LAHORE – Legendary Pakistani poet Faiz Ahmed Faiz, who is often dubbed as the voice of revolution, is being remembered on his 107th birth anniversary today.

Faiz Ahmed Faiz was born on February 13, 1911, in Sialkot, the birthplace of a poet of the east Allama Muhammad Iqbal.

After having completed his education, Faiz worked as a teacher, journalist, and a politician as well.

He also served in British Army before the independence of Pakistan and was promoted up to a rank of lieutenant-colonel.

However, Faiz resigned in 1947 to join Pakistan Times, a local newspaper of progressive narrative.

In 1951, Faiz became part of a failed coup in Pakistan and was charged in what is now called “Rawalpindi Conspiracy Case. He has sentenced imprisonment but was fortunate to be released later on.

After his release, he once again became a strong proponent of communism in Pakistan in the 1960s and 1970s. He also visited Russia for several times.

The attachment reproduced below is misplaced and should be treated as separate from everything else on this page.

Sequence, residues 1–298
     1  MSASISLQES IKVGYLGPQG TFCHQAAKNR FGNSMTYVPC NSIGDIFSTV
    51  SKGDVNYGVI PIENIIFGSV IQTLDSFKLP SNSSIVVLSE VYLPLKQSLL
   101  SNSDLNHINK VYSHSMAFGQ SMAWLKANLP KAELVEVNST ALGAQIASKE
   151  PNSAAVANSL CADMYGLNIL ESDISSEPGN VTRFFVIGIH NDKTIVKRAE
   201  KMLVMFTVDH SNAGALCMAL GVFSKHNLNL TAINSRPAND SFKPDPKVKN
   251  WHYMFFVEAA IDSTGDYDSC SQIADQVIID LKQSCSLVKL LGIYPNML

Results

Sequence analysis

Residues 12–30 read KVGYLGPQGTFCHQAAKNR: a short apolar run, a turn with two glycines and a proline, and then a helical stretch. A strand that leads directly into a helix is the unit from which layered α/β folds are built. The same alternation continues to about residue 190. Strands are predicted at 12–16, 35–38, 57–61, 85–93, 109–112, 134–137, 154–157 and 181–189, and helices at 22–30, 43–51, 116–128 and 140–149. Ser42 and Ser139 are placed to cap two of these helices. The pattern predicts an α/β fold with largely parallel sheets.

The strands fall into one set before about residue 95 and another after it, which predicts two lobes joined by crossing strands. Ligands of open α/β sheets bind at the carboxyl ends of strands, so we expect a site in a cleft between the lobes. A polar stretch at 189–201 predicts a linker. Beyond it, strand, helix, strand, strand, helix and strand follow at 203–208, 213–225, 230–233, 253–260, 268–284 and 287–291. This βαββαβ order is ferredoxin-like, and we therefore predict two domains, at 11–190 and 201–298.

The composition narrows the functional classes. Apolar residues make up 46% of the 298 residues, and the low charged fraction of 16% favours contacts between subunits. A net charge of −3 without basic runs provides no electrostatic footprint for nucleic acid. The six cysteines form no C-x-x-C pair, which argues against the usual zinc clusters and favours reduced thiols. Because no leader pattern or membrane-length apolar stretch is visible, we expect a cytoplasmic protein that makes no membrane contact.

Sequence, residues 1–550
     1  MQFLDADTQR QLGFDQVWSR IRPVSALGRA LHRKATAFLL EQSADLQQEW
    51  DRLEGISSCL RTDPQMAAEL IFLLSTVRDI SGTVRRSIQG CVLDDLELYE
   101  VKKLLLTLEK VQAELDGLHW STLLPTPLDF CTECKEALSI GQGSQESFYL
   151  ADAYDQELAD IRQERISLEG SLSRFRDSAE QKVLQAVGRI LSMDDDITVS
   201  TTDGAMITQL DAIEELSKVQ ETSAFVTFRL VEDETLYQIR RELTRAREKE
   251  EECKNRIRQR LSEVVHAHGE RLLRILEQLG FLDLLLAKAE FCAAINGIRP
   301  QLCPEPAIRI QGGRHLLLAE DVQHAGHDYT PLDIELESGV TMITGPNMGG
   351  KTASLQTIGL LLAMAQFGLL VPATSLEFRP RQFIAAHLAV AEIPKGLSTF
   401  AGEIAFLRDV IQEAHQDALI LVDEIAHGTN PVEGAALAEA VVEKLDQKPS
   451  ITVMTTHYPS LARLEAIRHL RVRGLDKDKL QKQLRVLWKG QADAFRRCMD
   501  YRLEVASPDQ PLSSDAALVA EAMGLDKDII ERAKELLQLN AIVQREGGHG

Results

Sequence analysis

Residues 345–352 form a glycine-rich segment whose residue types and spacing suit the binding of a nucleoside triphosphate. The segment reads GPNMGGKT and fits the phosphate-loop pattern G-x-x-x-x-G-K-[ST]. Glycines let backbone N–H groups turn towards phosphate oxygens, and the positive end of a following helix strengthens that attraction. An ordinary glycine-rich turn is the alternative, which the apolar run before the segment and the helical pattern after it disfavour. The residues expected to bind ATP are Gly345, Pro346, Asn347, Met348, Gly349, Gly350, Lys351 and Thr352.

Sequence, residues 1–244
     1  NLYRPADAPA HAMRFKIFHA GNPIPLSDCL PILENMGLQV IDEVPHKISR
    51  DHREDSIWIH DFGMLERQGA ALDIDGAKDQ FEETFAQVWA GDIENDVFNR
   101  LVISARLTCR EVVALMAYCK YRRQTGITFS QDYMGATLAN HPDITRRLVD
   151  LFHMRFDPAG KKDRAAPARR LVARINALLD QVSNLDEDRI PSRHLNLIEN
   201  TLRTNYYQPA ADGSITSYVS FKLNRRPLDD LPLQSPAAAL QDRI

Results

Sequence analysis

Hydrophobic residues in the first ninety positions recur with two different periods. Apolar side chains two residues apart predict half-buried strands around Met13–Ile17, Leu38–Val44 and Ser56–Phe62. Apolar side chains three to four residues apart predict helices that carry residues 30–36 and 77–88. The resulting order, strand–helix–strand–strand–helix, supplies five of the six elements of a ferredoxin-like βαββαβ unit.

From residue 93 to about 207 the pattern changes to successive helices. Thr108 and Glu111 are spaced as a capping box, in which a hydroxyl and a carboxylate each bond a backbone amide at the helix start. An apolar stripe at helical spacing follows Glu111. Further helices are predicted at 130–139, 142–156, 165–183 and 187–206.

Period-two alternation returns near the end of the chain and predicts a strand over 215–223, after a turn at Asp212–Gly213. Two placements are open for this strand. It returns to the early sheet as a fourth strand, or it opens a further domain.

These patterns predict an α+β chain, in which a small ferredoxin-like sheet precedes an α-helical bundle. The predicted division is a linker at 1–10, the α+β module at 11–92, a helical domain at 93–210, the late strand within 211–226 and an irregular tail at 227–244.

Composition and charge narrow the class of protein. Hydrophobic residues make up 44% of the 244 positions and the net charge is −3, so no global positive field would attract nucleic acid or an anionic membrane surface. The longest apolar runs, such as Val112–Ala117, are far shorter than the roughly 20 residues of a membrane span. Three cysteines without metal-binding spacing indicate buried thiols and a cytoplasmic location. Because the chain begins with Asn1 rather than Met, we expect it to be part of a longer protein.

Later on, he became a close aide to then Pakistani Prime Minister Zulfikar Ali Bhutto, who headed a public campaign against President Ayub Khan in late 1960s.

His poetry has been translated into several languages including Russian and English. The major literary works of Faiz include Naqsh-e-Faryadi, Dast-e-Saba, Zindan-Nama, Dast-e-Tah-e-Sung, Mere Dil Mere Musafir and Sar-e-Wadi-e-Sina. Faiz Ahmed Faiz’s poetry has been translated into many languages, including English and Russian.

Faiz was also among the first ever official Pakistani delegation to visit Bangladesh. On conclusion of Bangladesh tour, he wrote his famous Ghazal “Hum Kay Thehray Ajnabi” on the insistence of Sheikh Mujib Urrehamn.

Faiz was awarded the Lenin Peace Prize in 1963‚ which was equivalent to the Nobel Prize in then’s USSR.

The government awarded country’s highest civilian award Nishan-e-Imtiaz to Faiz Ahmed Faiz in 1990 in recognition of his services in literature.

He died on November 20 in 1984 in Lahore.